[ zing ]
/ zɪŋ /


verb (used without object)

to move or proceed with a sharp singing or whining noise: The cars zinged down the highway.
to move or proceed with speed or vitality; zip.

verb (used with object)

to cause to move with or as with a sharp, singing or whining noise: The pitcher zinged a slider right over the plate.
Slang. to blame or criticize severely: City Hall always gets zinged when crime increases.

Nearby words

  1. zindabad,
  2. zinder,
  3. zine,
  4. zineb,
  5. zinfandel,
  6. zingara,
  7. zingaro,
  8. zinger,
  9. zingiberaceous,
  10. zingy

Origin of zing

First recorded in 1910–15; imitative


or zing·ing

[ zing-ee ]
/ ˈzɪŋ i /

adjective, zing·i·er, zing·i·est.

full of zing; lively; zesty; exciting: a zingy new musical comedy.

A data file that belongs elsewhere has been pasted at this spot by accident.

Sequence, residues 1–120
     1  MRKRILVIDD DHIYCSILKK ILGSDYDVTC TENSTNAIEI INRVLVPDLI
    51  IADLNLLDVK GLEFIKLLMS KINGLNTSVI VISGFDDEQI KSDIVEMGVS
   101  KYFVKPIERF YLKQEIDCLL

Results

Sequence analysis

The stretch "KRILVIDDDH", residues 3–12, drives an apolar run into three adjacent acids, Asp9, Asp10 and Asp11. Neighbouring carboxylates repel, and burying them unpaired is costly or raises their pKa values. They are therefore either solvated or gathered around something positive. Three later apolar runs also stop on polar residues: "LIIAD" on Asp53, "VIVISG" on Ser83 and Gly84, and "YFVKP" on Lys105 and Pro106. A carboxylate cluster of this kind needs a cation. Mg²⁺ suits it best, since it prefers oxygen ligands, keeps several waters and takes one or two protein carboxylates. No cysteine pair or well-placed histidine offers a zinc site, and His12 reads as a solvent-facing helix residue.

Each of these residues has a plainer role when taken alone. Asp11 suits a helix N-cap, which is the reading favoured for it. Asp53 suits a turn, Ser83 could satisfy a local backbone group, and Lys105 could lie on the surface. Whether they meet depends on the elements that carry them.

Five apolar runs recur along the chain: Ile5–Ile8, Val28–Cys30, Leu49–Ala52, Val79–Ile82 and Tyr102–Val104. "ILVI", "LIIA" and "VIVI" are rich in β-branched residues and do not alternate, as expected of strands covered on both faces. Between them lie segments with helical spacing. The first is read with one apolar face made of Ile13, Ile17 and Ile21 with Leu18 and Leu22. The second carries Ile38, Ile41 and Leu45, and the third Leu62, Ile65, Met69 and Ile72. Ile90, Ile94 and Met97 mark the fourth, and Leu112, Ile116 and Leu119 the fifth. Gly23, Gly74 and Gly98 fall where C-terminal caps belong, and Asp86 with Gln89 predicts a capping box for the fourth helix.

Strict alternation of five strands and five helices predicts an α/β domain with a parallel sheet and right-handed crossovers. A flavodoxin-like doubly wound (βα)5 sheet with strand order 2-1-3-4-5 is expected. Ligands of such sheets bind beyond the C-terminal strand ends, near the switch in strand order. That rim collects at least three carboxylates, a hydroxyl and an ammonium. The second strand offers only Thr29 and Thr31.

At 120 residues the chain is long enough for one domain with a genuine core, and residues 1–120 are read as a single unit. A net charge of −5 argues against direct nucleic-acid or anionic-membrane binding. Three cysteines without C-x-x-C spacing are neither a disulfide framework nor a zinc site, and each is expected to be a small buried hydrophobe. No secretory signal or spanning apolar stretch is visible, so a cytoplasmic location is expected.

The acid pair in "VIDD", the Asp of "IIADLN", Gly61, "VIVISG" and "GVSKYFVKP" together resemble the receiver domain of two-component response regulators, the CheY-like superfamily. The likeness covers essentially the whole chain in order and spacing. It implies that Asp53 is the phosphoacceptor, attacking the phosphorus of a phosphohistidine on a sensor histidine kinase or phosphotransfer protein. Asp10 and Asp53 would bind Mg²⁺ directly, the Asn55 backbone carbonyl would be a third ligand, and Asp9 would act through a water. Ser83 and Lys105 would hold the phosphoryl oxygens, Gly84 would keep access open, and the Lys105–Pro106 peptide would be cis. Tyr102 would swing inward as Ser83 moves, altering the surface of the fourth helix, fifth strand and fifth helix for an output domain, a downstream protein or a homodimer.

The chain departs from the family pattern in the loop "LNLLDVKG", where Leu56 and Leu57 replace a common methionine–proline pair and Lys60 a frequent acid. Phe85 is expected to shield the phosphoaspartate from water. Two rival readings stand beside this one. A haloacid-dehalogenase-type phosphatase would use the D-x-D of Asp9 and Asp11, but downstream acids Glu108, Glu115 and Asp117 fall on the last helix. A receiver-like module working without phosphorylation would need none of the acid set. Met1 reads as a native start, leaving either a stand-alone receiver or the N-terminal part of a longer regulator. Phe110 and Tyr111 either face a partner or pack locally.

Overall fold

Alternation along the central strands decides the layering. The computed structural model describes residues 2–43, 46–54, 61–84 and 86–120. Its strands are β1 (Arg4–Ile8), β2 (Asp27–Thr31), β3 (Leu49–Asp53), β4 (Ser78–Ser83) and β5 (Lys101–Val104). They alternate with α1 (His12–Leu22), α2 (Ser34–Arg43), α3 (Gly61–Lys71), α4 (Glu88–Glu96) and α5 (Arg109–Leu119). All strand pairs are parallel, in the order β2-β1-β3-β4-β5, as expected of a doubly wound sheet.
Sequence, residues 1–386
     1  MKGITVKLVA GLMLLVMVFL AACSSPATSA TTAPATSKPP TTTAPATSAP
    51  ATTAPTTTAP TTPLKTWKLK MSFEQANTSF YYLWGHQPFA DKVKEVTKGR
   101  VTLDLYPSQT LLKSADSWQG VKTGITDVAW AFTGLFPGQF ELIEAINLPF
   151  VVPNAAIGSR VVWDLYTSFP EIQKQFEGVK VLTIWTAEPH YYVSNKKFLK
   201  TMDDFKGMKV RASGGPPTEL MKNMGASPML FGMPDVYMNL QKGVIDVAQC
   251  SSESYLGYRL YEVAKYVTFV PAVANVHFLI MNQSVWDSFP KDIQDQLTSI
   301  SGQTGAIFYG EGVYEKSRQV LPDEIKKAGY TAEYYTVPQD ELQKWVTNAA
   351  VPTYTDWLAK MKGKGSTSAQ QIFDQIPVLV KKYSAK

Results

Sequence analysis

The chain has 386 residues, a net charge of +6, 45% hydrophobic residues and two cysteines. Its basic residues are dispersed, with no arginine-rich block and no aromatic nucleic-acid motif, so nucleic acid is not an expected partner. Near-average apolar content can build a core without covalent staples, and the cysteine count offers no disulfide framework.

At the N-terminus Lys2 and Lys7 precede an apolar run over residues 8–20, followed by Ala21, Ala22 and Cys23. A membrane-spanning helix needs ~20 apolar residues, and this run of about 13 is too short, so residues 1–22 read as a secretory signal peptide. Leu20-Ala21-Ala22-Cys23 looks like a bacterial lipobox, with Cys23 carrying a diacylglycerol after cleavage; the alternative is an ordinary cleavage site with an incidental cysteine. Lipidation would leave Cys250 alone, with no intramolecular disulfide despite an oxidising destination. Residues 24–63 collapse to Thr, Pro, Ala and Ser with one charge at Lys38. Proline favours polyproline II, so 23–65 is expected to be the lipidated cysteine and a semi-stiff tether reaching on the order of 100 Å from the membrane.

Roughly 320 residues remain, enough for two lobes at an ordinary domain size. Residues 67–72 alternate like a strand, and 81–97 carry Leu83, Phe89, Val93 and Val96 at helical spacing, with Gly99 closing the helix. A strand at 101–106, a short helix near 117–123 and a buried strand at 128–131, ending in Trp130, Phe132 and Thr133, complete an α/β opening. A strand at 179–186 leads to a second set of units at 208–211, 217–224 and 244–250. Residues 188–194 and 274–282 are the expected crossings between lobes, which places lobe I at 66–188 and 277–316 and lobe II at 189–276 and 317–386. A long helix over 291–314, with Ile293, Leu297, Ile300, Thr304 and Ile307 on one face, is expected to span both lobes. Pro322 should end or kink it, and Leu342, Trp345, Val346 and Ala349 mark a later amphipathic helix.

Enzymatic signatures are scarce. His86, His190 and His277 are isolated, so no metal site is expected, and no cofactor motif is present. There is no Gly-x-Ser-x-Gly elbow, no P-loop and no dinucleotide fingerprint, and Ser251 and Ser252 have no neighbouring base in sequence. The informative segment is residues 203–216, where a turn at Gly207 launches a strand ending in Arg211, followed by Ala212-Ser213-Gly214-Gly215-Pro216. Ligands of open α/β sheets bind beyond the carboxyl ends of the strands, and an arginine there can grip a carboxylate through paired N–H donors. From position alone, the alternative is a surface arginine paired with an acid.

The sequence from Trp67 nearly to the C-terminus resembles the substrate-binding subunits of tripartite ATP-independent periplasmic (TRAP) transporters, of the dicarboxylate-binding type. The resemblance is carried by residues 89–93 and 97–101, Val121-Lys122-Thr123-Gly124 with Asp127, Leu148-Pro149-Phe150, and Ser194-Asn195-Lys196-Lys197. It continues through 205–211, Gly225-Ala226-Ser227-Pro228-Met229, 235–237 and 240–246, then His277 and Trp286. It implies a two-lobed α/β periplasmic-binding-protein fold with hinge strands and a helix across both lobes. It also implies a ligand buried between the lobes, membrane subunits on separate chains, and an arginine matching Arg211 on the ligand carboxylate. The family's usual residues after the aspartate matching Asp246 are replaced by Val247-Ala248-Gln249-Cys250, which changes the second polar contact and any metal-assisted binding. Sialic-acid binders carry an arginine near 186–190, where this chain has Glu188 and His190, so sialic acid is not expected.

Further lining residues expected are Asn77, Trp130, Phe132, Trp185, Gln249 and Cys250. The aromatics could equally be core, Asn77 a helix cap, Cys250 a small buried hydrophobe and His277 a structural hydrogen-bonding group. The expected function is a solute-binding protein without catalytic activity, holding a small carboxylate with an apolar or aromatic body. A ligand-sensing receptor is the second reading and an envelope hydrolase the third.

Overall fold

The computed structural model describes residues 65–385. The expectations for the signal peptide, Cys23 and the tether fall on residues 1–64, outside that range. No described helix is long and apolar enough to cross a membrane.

Origin of zingy

First recorded in 1940–45; zing + -y1

Dictionary.com Unabridged Based on the Random House Unabridged Dictionary, © Random House, Inc. 2019

Examples from the Web for zinging

British Dictionary definitions for zinging


/ (zɪŋ) /

noun informal

a short high-pitched buzzing sound, as of a bullet or vibrating string
vitality; zest


(intr) to make or move with or as if with a high-pitched buzzing sound

Word Origin for zing

C20: of imitative origin


/ (ˈzɪŋɪ) /

adjective -gier or -giest

informal vibrant; energetic; lively
Collins English Dictionary - Complete & Unabridged 2012 Digital Edition © William Collins Sons & Co. Ltd. 1979, 1986 © HarperCollins Publishers 1998, 2000, 2003, 2005, 2006, 2007, 2009, 2012

Word Origin and History for zinging



1911, "high pitched sound," 1918, of echoic origin. Slang meaning "energy, zest" is attested from 1918.

Online Etymology Dictionary, © 2010 Douglas Harper